54. 54. “Never theorize before you have data. Invariably you end up twisting facts to suit theories instead of theories to suit facts.” - Sherlock Holmes (Arthur Conan Doyle) 54
  55. 55. Let’s Practice 55
  56. 56. Let’s Practice Color Seed Arrangement 56
  57. 57. Exclude (there are always exceptions) • Demographics • Workflow details that have already been captured in user workflows or diagrams • Artifact/data inventory • Physical artifact descriptions What Notes to Include Each note should stand alone as a coherent statement Include • Direct quotes • Observed actions • Motivations, goals • Key elements of the work practice • Breakdowns (optional; these may be better aggregated in a separate list) 57
  58. 58. Affinity Diagram in Action He is confused because of the many titles and options on the
 product website.
 -P1 58
  59. 59. Affinity Diagram in Action 59
  60. 60. Affinity Diagram in Action 60
  61. 61. Affinity Diagram in Action 61
  62. 62. Affinity Diagram in Action 62
  63. 63. 63
  64. 64. Example: Affinity Diagram - 2 levels 64
  65. 65. Example: Affinity Diagram - 3 levels 65
  66. 66. Keeping things in context NOTE THEME While he mentioned wanting a bank account for his kids' future, he also had no interest in having one now and expressed distrust of banks. When pressed he didn't have any actionable plan of getting an account and said he'd get one for his kids, "If it's decent enough, where I'm not gonna break my back doing all this extra stuff like $20 fees a month, like some banks." Distrust of Banks "It's live checks [my paychecks]. I'd rather cash my check and keep my money like that, than trust a bank with it. Because anything can happen, with a bank. Something can happen with their number, I don't know, just anything can happen where my money's not gonna be my money." Trust in Cash; Distrust of Banks "I'd rather just cash a check and have my money, that way it's easier for me to manage it, without having a secondary source, other than the people that cash my check." Managing Money 66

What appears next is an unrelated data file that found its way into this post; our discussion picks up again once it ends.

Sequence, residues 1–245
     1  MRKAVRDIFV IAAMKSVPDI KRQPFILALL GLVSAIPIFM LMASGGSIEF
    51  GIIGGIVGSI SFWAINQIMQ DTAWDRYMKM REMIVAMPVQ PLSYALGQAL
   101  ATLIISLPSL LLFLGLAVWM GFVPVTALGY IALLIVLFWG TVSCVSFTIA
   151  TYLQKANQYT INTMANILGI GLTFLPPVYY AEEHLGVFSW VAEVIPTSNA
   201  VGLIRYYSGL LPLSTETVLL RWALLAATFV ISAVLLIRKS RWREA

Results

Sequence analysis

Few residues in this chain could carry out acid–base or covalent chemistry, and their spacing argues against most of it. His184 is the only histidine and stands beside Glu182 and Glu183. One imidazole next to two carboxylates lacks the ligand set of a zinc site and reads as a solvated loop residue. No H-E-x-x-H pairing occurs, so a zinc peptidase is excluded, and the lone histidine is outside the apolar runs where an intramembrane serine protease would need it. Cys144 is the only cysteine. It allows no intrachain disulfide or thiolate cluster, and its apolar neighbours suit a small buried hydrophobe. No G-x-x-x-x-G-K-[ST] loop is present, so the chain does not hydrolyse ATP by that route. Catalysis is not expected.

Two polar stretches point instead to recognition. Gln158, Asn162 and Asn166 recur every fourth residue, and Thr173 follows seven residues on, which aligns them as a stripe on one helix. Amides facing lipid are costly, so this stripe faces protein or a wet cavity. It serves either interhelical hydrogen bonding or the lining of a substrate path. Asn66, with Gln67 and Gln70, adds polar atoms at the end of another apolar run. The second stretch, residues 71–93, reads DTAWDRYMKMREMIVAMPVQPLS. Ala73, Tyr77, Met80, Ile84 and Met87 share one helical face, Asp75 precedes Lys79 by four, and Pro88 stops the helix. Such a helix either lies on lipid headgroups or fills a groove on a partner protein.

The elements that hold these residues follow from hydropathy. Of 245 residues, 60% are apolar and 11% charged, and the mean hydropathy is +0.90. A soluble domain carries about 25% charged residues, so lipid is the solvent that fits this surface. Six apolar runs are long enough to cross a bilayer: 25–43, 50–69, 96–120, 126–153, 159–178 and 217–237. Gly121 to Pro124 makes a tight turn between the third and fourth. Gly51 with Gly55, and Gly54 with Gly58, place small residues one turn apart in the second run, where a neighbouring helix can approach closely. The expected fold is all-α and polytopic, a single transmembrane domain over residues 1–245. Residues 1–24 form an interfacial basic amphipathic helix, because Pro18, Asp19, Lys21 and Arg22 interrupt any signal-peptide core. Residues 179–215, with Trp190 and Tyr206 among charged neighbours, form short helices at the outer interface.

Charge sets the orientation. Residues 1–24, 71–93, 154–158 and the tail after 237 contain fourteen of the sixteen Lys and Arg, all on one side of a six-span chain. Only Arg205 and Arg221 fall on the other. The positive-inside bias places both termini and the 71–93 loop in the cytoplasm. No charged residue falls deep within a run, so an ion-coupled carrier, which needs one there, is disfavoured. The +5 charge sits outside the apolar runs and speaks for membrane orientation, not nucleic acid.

67. 67. AFFINITY DIAGRAM ACTIVITY 67
  68. 68. Exclude (there are always exceptions) • Demographics • Workflow details that have already been captured in user workflows or diagrams • Artifact/data inventory • Physical artifact descriptions What Notes to Include Each note should stand alone as a coherent statement Include • Direct quotes • Observed actions • Motivations, goals • Key elements of the work practice • Breakdowns (optional; these may be better aggregated in a separate list) 68